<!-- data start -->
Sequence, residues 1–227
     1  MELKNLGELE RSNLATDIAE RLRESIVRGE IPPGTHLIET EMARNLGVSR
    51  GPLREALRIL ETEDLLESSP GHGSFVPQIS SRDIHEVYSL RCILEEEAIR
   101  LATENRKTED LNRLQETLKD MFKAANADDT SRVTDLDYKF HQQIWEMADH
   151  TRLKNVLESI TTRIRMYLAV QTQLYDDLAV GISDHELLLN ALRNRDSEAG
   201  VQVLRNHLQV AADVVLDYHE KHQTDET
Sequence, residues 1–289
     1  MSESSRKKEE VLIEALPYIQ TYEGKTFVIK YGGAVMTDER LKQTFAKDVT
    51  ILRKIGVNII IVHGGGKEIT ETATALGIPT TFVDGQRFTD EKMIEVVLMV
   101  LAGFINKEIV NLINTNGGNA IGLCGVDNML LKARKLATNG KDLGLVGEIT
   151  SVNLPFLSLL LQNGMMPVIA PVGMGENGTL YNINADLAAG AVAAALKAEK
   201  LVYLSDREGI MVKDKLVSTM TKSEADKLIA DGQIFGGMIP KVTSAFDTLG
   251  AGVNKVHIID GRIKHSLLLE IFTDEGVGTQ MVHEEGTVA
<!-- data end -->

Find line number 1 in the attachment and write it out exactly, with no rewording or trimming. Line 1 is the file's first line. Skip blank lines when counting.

Sequence, residues 1–227